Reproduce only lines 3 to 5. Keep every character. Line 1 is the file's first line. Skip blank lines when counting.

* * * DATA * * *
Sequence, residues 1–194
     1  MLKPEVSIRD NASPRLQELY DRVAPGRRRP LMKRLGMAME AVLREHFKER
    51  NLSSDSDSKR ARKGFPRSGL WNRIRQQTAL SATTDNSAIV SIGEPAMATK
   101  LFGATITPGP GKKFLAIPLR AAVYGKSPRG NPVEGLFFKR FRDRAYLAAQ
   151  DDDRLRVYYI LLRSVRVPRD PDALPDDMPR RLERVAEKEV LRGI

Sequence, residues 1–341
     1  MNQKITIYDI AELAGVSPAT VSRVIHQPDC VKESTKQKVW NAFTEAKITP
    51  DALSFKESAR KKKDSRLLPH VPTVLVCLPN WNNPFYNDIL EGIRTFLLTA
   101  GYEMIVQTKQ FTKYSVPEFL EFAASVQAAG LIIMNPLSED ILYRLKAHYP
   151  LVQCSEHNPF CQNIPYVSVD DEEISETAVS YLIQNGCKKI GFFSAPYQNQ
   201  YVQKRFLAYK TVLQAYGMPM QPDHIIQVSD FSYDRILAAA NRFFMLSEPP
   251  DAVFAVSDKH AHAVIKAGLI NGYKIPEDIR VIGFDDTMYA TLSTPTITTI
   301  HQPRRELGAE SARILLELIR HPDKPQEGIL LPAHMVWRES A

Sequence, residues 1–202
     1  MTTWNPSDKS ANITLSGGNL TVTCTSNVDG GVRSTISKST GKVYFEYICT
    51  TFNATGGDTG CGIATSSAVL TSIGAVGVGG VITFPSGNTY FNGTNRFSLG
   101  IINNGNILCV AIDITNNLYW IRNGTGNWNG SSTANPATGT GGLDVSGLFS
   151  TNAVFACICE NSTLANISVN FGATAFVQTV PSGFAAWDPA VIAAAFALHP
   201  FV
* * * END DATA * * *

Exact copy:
    51  NLSSDSDSKR ARKGFPRSGL WNRIRQQTAL SATTDNSAIV SIGEPAMATK
   101  LFGATITPGP GKKFLAIPLR AAVYGKSPRG NPVEGLFFKR FRDRAYLAAQ
   151  DDDRLRVYYI LLRSVRVPRD PDALPDDMPR RLERVAEKEV LRGI